Job Market Looking Up for College Grads
Recent college grads will be entering an optimistic job market. It is projected that hiring will be up 15 percent from last year among all degree levels. This is good news, in comparison to the market experienced in 2009 through 2013 with the Great Recession.
Unemployment rates were some of the lowest for civil engineering and nursing, at 2.8 and 2 percent respectively. However, mass media, anthropology and geography majors faced rates of 8 percent, well above the national standard. Liberal arts majors will fare better with jobless rates of 5.8 percent. Job specific majors have a better time landing a position over more general majors. Accounting, finance or marketing majors are more likely to obtain major-specific employment over their general business major counterparts.
Although the job market is slated to be even more promising in 2016 than it was in 2015, many recent grads, age 22 to 27 with a bachelor’s degree or higher, are working in positions that do not require a degree. Approximately 44 percent of college graduates are underemployed, up from 38 percent in 2000. Economists emphasize that this tends to occur in both favorable and poor economic times. Nearly one third of grads hold jobs that do not necessitate a degree. Most of these positions have a tendency to be administrative or office work. For the segment of graduates in lower paying positions, they do often transition into higher skilled occupations over time.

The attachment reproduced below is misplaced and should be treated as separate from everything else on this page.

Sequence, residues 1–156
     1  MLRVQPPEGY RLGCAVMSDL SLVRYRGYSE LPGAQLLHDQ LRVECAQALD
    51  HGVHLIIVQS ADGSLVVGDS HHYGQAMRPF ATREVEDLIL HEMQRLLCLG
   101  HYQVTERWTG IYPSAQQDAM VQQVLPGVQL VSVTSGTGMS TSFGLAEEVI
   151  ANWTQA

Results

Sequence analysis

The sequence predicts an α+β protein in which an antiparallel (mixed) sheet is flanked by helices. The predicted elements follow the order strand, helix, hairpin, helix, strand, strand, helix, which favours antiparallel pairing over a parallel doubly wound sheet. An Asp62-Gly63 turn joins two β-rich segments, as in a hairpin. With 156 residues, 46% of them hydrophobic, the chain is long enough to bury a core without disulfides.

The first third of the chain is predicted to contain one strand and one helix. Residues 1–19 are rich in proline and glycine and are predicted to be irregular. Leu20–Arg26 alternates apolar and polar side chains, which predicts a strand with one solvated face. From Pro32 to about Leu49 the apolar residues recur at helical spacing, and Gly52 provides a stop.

Additionally, paychecks are increasing, as well. The median wage for an individual with a high school diploma was $25,000 in 2015. Salaries for college graduates obtaining a bachelor’s degree rose from $40,000 in 2014 to $43,000 in 2015.
Across campuses nationwide, job fairs are booming and employers are eager to gain access to this year’s fresh crop of graduates. It’s a positive direction and gives even more credibility to the need for a college degree — and the demand for employees that have one.